|US8140872||Jun 10, 2008||Mar 20, 2012||Marc Fleischmann||Restoring processor context in response to processor power-up|
|US8145881||Oct 24, 2008||Mar 27, 2012||Martin Vorbach||Data processing device and method|
|US8145923 *||Feb 20, 2008||Mar 27, 2012||Xilinx, Inc.||Circuit for and method of minimizing power consumption in an integrated circuit device|
|US8156284||Jul 24, 2003||Apr 10, 2012||Martin Vorbach||Data processing method and device|
|US8156312||Jun 19, 2007||Apr 10, 2012||Martin Vorbach||Processor chip for reconfigurable data processing, for processing numeric and logic operations and including function and interconnection control units|
|US8181003 *||May 29, 2008||May 15, 2012||Axis Semiconductor, Inc.||Instruction set design, control and communication in programmable microprocessor cores and the like|
|US8193852||Feb 19, 2010||Jun 5, 2012||Tien-Min Chen||Precise control component for a substrate potential regulation circuit|
|US8195856||Jul 21, 2010||Jun 5, 2012||Martin Vorbach||I/O and memory bus system for DFPS and units with two- or multi-dimensional programmable cell architectures|
|US8200943 *||Jan 24, 2011||Jun 12, 2012||R B Ventures, Pty. Ltd.||Microprocessor|
|US8209653||Oct 7, 2008||Jun 26, 2012||Martin Vorbach||Router|
|US8219836 *||Jun 7, 2007||Jul 10, 2012||Intel Corporation||Methods and apparatus to monitor instruction types and control power consumption within a processor|
|US8222914||Aug 25, 2009||Jul 17, 2012||Robert Paul Masleid||Systems and methods for adjusting threshold voltage|
|US8230411||Jun 13, 2000||Jul 24, 2012||Martin Vorbach||Method for interleaving a program over a plurality of cells|
|US8250503||Jan 17, 2007||Aug 21, 2012||Martin Vorbach||Hardware definition method including determining whether to implement a function as hardware or software|
|US8255716 *||Aug 27, 2009||Aug 28, 2012||Qualcomm Incorporated||Power optimization for data services|
|US8281108||Jan 20, 2003||Oct 2, 2012||Martin Vorbach||Reconfigurable general purpose processor having time restricted configurations|
|US8281265||Nov 19, 2009||Oct 2, 2012||Martin Vorbach||Method and device for processing data|
|US8301872||May 4, 2005||Oct 30, 2012||Martin Vorbach||Pipeline configuration protocol and configuration unit communication|
|US8307233 *||Dec 13, 2011||Nov 6, 2012||Nuvoton Technology Corporation||Bus-handling|
|US8310274||Mar 4, 2011||Nov 13, 2012||Martin Vorbach||Reconfigurable sequencer structure|
|US8312200||Jul 21, 2010||Nov 13, 2012||Martin Vorbach||Processor chip including a plurality of cache elements connected to a plurality of processor cores|
|US8312301||Sep 30, 2009||Nov 13, 2012||Martin Vorbach||Methods and devices for treating and processing data|
|US8319515||Aug 25, 2009||Nov 27, 2012||Robert Paul Masleid||Systems and methods for adjusting threshold voltage|
|US8321699||Aug 19, 2011||Nov 27, 2012||Google Inc.||System and method for determining power consumption|
|US8370658||Jul 14, 2009||Feb 5, 2013||Eric Chen-Li Sheng||Adaptive control of operating and body bias voltages|
|US8370663||Feb 11, 2008||Feb 5, 2013||Nvidia Corporation||Power management with dynamic frequency adjustments|
|US8407525||Oct 24, 2011||Mar 26, 2013||Pact Xpp Technologies Ag||Method for debugging reconfigurable architectures|
|US8412914||Nov 17, 2011||Apr 2, 2013||Apple Inc.||Macroscalar processor architecture|
|US8412962||Sep 1, 2010||Apr 2, 2013||Via Technologies, Inc.||Microprocessor with improved thermal monitoring and protection mechanism|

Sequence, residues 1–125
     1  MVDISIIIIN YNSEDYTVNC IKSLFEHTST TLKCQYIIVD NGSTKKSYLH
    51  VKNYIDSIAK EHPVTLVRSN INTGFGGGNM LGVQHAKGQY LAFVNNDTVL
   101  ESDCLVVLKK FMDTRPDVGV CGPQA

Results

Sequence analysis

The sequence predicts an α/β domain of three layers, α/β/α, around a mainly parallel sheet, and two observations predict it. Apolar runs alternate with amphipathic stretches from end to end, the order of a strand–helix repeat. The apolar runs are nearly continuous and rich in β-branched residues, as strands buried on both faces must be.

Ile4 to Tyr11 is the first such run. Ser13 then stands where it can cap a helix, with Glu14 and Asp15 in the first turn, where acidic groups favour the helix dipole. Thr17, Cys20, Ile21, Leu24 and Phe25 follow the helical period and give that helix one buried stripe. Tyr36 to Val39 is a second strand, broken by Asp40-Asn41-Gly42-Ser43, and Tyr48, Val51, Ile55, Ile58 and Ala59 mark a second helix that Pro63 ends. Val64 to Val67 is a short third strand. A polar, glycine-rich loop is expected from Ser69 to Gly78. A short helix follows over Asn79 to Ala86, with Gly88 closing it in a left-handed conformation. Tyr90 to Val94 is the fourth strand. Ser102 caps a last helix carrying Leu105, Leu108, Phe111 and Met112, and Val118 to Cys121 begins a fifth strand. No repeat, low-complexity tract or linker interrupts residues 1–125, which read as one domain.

|US8420472||Aug 31, 2010||Apr 16, 2013||Kleanthes G. Koniaris||Systems and methods for integrated circuits comprising multiple body biasing domains|
|US8429385||Sep 19, 2002||Apr 23, 2013||Martin Vorbach||Device including a field having function cells and information providing cells controlled by the function cells|
|US8436675||Jan 11, 2010||May 7, 2013||Tien-Min Chen||Feedback-controlled body-bias voltage source|
|US8442784||Jun 5, 2007||May 14, 2013||Andrew Read||Adaptive power control based on pre package characterization of integrated circuits|
|US8468329||Jun 8, 2012||Jun 18, 2013||Martin Vorbach||Pipeline configuration protocol and configuration unit communication|
|US8471593||Nov 4, 2011||Jun 25, 2013||Martin Vorbach||Logic cell array and bus system|
|US8566627||Jul 14, 2009||Oct 22, 2013||Sameer Halepete||Adaptive power control|
|US8578358||Nov 17, 2011||Nov 5, 2013||Apple Inc.||Macroscalar processor architecture|
|US8593169||Sep 16, 2011||Nov 26, 2013||Kleanthes G. Koniaris||Frequency specific closed loop feedback control of integrated circuits|
|US8595279 *||Feb 27, 2006||Nov 26, 2013||Qualcomm Incorporated||Floating-point processor with reduced power requirements for selectable subprecision|
|US8595528 *||Nov 8, 2011||Nov 26, 2013||Hewlett-Packard Development Company, L.P.||System and method for implementing an integrated circuit having a dynamically variable power limit|
|US8629711||May 1, 2012||Jan 14, 2014||Tien-Min Chen||Precise control component for a substarate potential regulation circuit|
|US8645727||Oct 14, 2011||Feb 4, 2014||Panasonic Corporation||Power control device for processor|
|US8683249 *||Dec 5, 2011||Mar 25, 2014||Kabushiki Kaisha Toshiba||Switching a processor and memory to a power saving mode when waiting to access a second slower non-volatile memory on-demand|
|US8686475||Feb 9, 2011||Apr 1, 2014||Pact Xpp Technologies Ag||Reconfigurable elements|
|US8686549||Sep 30, 2009||Apr 1, 2014||Martin Vorbach||Reconfigurable elements|
|US8697512||Dec 14, 2010||Apr 15, 2014||Kleanthes G. Koniaris||Systems and methods for integrated circuits comprising multiple body biasing domains|
|US8700925||Sep 1, 2009||Apr 15, 2014||Nvidia Corporation||Regulating power using a fuzzy logic control system|
|US8726250||Mar 10, 2010||May 13, 2014||Pact Xpp Technologies Ag||Configurable logic integrated circuit having a multidimensional structure of configurable elements|
|US8756444||Aug 19, 2011||Jun 17, 2014||Google Inc.||System and method for determining power consumption|